The first challenge was for each person to pick up and transport an egg using only two spoons.  

The second challenge was for two people to work together to transport an egg- each holding one spoon with their other hand behind their back.  

Next, we headed to the front yard to play Pin the Crown on the Pig. It was hilarious. Trevor's crown is the one on the FAR left, nowhere near the Pig!

After that, we headed indoors for the Present Game. We played two rounds.

We headed to the dining room to decorate Angry Bird cupcakes
Then we sang to Trevor. Poor guy is still bright red despite being indoors for 20 minutes by then.

By the time we headed back outdoors, there was a lot more shade in the backyard and a nice breeze had picked up. Time for the piñata!
Each child got a turn and we got part way through second turns when the piñata broke. Perfect! After they picked up the candy, they amused themselves by trying on the broken Angry Bird.

Steve took this picture of Trevor's godfather. I didn't even see him try it on. Love it!

We came back indoors for Angry Birds Pictionary. Each child drew a word related to Angry Birds (pig, mustache, slingshot, etc) and the others guessed. They loved it.

 Finally, it was time to open gifts. Check out the backpack that Trevor's godmother made for him.  She said it was her first time doing applique. It turned out so well!  
Trevor was absolutely thrilled with his Angry Birds party! I was too. It was a really fun theme and we were able to do it so inexpensively. (We spent about $35 for absolutely everything, including decorations, games, food/drinks, cupcakes, and favors.)  

I can't wait to see what Trevor picks for next year's theme. I'd love to do a chemistry/Mad Scientist theme, or a Harry Potter theme, or a camping theme, but he's the boss. Of course, that doesn't stop me from subtly (or not so subtly) making suggestions for the next 11 months.  


Ice Cream Cards

This post contains affiliate links.

I love ice cream, obviously. It seems like just about everyone does, which is why it's such a fun motif for a card. I recently won Doodlebug's new Fruit Stand collection and decided to use it for some ice-cream themed cards. I raided my cardstock scraps for browns, pinks, and whites and got to work. First, I used the edge of a brownrectangular ink pad to create a series of vertical and horizontal lines on tan rectangles to mimic the look of an ice cream cone. I adhered the two pieces to each other, then topped them with a freeform scoop.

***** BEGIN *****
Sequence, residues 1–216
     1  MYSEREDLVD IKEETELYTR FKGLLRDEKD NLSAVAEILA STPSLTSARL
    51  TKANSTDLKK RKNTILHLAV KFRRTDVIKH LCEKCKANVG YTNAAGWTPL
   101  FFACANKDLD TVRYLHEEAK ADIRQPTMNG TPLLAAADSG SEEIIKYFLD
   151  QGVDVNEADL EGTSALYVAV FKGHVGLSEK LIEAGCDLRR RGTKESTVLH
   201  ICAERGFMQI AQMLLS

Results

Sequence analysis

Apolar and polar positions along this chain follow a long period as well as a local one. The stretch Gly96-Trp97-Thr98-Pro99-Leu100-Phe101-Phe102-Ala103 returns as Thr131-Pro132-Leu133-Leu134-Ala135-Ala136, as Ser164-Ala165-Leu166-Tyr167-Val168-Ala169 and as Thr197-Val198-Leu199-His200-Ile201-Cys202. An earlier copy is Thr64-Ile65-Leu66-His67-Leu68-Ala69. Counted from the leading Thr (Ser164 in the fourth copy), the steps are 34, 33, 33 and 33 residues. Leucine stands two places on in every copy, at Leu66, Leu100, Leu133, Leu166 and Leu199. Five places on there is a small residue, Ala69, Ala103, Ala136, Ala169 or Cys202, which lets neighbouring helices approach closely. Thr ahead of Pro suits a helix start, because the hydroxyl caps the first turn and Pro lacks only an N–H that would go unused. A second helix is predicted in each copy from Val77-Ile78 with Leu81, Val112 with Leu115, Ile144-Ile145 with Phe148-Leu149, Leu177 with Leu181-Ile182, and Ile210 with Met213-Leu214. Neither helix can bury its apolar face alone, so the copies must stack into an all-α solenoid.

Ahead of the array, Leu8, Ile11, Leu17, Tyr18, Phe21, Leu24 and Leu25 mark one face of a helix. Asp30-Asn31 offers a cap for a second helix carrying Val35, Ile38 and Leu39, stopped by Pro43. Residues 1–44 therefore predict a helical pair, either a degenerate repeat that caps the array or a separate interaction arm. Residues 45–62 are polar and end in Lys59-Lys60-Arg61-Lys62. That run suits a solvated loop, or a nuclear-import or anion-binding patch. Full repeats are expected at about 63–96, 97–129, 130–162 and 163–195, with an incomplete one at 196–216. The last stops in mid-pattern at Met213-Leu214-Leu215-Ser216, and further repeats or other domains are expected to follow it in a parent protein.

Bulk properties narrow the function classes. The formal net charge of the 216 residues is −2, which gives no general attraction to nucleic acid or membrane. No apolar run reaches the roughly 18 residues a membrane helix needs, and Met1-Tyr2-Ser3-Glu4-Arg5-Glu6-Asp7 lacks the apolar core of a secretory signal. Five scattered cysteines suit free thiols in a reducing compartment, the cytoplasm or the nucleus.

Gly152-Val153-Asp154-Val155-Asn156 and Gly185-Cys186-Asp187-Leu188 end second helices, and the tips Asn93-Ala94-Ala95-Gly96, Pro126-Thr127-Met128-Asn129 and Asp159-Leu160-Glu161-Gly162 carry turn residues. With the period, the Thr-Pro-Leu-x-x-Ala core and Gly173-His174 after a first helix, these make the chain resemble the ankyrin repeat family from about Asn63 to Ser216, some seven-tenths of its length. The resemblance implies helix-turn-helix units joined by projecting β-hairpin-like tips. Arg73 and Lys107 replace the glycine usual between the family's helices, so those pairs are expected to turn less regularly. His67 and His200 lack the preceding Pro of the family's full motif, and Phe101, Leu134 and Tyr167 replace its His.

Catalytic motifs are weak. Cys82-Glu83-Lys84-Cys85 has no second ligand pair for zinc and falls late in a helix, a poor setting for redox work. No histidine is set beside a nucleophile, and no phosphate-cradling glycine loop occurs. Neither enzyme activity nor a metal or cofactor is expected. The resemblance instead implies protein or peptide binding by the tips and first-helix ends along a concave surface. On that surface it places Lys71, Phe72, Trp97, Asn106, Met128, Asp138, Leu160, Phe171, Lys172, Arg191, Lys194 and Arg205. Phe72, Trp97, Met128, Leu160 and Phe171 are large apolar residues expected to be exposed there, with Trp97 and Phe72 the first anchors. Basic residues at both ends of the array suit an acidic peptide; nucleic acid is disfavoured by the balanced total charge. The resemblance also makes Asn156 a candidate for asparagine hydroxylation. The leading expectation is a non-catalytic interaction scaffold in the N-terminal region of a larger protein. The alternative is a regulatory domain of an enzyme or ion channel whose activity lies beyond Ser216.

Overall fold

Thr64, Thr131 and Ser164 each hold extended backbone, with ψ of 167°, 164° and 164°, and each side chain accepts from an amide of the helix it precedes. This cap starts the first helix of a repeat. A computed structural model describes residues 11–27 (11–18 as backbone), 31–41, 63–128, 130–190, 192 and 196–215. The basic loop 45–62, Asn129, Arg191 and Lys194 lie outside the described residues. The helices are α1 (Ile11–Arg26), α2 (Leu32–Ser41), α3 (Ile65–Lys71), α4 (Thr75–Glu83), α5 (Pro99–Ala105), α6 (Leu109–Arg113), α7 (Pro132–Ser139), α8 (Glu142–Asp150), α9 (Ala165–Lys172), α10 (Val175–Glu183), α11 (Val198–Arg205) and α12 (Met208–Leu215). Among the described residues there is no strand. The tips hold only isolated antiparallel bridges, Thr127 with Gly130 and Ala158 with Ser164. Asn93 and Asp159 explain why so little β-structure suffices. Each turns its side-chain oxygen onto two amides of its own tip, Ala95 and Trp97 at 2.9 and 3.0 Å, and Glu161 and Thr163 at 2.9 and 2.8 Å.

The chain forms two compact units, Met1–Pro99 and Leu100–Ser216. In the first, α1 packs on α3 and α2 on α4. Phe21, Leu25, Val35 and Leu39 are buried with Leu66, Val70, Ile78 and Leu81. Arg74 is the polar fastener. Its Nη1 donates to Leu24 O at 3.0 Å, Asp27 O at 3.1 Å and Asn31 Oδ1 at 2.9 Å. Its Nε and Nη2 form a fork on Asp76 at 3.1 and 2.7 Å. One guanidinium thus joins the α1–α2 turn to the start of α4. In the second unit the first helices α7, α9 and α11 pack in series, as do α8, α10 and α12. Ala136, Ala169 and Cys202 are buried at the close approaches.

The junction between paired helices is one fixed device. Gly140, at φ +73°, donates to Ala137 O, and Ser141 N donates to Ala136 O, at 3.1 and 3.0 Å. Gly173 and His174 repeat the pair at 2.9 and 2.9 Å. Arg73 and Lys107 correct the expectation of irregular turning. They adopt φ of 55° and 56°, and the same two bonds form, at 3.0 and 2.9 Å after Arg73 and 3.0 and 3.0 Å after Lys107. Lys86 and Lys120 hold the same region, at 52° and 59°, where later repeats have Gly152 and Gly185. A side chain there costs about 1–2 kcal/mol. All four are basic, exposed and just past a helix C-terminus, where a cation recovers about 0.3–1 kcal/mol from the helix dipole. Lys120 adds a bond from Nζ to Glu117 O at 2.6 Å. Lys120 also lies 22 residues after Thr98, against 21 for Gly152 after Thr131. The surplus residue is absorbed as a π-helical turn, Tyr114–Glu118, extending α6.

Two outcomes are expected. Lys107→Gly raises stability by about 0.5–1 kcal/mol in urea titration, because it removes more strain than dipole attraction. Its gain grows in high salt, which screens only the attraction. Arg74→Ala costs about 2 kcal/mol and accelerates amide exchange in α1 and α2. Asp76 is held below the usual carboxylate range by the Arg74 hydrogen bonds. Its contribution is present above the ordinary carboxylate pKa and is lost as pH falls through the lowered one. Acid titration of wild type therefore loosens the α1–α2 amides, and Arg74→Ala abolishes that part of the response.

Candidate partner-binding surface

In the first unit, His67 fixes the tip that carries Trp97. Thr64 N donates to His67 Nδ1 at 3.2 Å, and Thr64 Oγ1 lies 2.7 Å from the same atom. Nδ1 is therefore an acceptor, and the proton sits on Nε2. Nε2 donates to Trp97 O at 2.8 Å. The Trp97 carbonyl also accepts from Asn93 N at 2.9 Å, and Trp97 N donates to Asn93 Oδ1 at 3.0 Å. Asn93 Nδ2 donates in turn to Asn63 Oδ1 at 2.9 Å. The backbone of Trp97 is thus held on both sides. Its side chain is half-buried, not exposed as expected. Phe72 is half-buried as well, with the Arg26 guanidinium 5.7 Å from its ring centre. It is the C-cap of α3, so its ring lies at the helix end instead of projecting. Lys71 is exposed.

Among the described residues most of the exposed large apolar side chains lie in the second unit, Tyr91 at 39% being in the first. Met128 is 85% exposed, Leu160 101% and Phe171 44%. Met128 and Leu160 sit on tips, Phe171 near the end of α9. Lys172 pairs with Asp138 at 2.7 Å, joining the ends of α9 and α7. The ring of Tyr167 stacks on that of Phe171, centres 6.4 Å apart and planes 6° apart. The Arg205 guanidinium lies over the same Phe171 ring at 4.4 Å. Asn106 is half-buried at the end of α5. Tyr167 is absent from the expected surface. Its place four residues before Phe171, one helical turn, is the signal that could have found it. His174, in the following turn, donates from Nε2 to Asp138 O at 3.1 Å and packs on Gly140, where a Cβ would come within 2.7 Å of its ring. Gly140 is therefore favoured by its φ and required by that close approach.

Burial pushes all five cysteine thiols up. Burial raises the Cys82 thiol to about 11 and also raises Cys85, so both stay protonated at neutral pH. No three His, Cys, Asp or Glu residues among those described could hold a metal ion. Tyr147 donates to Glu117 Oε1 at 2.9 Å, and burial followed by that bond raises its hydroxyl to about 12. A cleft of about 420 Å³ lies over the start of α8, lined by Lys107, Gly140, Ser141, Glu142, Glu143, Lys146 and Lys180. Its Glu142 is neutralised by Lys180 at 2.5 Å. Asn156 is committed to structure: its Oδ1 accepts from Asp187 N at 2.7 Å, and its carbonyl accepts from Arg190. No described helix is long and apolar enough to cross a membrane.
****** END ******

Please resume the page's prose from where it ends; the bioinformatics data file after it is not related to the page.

The first card I made was a simple chocolate cone with a colorful sentiment sticker.

I paired a vanilla ice cream cone with a bright and colorful floral background.

The strawberry-shaped brads are a fun touch.

For my last card, I cut tiny slivers of brown cardstock, put dots of glue randomly on the cone, and sprinkled.

Each card only took a few minutes to make AND I used up scraps in the process. A definite win!


Project 41: June

It's time for June's Project 41, my plan to try each flavor-of-the-month at Baskin-Robbins with a different friend as a year-long celebration of my 41st birthday. It's been four months now and it has been awesome. I highly recommend turning your birthday, whatever the number, into a year-long celebration!

This month, I asked my friend Justin to join me. I met Justin five years ago when he became the youth director at our church. I hesitated to ask him at first, as this is a really busy time of year for him. Not only is he planning a fundraising golf tournament, VBS, and a Mexico mission trip, but he's getting married in 3 weeks! But he enthusiastically agreed to take time from his schedule to meet me for the flavor-of-the-month.

Part of the adventure of Project 41 is that not knowing what the month's flavor will be. Will it be something I don't like? Something I don't expect to like, but end up loving? Will I find a new favorite? Will my friend not like the flavor, or be nervous to try it, or end up loving it? It's all part of the fun! So you can imagine how I felt when I saw that June's flavor was Triple Vanilla.Vanilla? Seriously Baskin-Robbins?

Baskin-Robbins says, "We've swirled together Classic Vanilla, French Vanilla, and Vanilla Bean to create a premium new flavor!" I ask again... seriously? So much for adventure.   

Three vanillas swirled together. Oooh, thrilling! So new! So premium!

Justin and I got our ice cream ("2 of the swirled vanillas, please!") and headed out to the courtyard.  

The time flew by. Before I knew it, it was time to pick up Trevor. Justin and I both enjoyed the ice cream, but there's really nothing to say about it. It was vanilla, vanilla, and vanilla, all swirled together. There was no discernible difference between the three except in appearance. It was tasty, of course, as vanilla ice cream is, but as far as flavor-of-the-month status, it is a flop.

This led me to think - what would I have chosen for June's flavor-of-the-month? Well, National Donut Day is in June... how about a chocolate ice cream with maple glazed donut chunks in it? June is also National Candy Month... maybe an ice cream loaded with mini M&Ms, or Nerds, or crushed Smarties? (Or all 3!) Maybe something that ties in to Flag Day or Father's Day. So many possibilities! Who knows... maybe in a future month I'll be facing Salmon Eyeball Ice Cream (any Iron Chef fans remember that?) and longing for the days of Triple Vanilla.

Thanks to Justin for joining me for Project 41!